A key regulator of cell growth deciphered
The mTOR protein plays a central role in cell growth, proliferation and survival. Its activity varies according to the availability of nutrients and some growth factors, including hormones. This protein is implicated in several diseases, including cancer, where its activity frequently increases.
To better understand its regulation, the group of Professor Robbie Loewith from the Molecular and Cellular Biology Department and the Chemical Biology Department, in collaboration with researchers from the Martin Luther University (MLU) of Halle-Wittenberg in Germany, and the recently inaugurated Dubochet Center for Imaging (DCI-Geneva - DCI-Lausanne), has identified the structure of the SEA complex - an interdependent set of proteins - responsible for controlling mTOR. The discovery of this structure allows a better understanding of how cells perceive nutrient levels to regulate their growth. This work can be read in the journal Nature.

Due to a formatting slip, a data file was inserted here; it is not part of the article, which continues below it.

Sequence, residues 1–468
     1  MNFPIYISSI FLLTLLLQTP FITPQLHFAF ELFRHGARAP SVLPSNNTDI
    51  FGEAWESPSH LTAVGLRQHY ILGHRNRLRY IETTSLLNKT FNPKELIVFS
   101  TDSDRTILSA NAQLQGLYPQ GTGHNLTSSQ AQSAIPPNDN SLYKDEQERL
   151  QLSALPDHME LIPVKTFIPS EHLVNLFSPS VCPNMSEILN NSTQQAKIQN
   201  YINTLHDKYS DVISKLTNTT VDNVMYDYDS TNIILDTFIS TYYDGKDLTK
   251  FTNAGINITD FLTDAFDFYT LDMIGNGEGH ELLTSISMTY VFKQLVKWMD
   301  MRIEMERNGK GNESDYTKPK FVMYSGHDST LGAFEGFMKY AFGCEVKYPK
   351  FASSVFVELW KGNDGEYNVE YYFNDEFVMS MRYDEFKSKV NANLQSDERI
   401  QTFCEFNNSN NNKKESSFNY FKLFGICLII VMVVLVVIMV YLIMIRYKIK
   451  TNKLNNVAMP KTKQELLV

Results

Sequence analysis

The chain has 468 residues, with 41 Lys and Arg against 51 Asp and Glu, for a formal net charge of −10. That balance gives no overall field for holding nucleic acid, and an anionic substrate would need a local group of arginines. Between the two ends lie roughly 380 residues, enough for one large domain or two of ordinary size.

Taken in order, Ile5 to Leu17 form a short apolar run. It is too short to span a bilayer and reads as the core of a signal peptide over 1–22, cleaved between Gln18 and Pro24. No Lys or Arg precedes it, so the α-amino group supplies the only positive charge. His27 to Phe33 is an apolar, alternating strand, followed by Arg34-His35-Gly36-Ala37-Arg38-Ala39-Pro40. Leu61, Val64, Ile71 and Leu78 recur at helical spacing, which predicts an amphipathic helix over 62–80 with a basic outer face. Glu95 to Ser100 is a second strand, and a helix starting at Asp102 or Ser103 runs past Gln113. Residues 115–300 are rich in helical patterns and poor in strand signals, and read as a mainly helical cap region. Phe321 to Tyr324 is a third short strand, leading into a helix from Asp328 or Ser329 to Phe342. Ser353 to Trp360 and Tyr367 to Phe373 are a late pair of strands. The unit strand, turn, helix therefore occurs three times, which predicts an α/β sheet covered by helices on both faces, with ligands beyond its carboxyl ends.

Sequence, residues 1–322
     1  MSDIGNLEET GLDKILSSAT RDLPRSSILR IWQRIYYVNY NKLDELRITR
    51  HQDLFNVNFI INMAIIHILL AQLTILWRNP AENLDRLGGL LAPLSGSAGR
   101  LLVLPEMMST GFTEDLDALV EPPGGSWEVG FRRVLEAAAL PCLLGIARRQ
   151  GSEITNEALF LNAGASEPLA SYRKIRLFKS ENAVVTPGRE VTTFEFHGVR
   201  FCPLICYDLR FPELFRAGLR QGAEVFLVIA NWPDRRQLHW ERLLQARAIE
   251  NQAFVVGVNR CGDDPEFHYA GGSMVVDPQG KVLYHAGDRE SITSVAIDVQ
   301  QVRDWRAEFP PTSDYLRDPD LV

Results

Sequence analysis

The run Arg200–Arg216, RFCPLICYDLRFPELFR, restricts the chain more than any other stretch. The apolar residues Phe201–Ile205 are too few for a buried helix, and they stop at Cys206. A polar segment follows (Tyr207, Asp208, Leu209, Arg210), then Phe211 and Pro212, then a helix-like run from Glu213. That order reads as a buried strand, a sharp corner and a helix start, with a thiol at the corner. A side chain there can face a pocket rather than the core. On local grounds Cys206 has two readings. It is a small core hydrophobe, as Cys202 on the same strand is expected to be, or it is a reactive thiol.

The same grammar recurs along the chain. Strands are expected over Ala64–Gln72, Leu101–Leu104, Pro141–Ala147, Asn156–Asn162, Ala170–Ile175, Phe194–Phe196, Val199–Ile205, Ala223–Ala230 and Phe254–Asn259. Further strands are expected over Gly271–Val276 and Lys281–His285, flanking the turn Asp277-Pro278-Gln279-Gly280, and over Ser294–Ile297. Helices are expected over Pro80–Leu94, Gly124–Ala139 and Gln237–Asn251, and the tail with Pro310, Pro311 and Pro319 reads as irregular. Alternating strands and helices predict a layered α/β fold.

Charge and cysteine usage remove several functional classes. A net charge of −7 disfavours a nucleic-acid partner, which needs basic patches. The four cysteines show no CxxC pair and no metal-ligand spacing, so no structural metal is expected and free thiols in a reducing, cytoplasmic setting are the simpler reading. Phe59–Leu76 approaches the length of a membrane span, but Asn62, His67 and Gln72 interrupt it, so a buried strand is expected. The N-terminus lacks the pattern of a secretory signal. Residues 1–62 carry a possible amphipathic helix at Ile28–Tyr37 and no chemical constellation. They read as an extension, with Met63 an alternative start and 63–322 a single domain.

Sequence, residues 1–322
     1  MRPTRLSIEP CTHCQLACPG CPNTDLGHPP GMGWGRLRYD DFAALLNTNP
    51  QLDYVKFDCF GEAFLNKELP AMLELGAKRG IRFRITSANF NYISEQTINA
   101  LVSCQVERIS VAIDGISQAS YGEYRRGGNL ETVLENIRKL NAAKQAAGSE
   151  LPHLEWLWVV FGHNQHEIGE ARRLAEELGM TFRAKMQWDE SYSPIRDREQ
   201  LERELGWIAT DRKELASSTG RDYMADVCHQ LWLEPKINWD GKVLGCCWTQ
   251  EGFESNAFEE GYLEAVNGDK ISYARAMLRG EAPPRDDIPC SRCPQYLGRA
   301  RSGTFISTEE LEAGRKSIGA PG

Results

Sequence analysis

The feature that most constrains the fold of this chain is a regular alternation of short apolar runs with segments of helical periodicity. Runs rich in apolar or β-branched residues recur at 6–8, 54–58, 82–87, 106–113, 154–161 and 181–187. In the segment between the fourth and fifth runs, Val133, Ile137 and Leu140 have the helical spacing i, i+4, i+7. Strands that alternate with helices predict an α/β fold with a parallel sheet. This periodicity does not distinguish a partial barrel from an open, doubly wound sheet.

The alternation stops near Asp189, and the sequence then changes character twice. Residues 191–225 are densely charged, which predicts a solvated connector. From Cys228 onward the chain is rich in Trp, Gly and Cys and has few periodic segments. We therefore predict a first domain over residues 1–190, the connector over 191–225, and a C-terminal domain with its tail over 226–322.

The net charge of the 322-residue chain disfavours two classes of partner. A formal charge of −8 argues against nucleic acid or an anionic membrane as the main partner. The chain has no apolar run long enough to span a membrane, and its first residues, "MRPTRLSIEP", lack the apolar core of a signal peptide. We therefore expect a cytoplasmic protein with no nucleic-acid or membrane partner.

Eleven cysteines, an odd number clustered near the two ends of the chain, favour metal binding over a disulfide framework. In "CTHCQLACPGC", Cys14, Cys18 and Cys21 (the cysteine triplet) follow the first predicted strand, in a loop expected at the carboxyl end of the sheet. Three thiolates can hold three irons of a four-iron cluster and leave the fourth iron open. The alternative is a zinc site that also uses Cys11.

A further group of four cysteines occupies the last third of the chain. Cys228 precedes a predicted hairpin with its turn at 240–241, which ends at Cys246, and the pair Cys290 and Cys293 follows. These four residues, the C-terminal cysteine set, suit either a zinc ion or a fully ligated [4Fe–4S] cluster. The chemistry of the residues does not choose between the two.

The article was published in the Journal Nature on October 26, 2022.
Read the UNIGE press release.
Le complexe SEA est composé d’un noyau en forme de cage (SEACAT, bleu) qui régule l’activité des ailes (SEACIT, blanc et brillant). ©Ciencia Graficada27 Oct 2022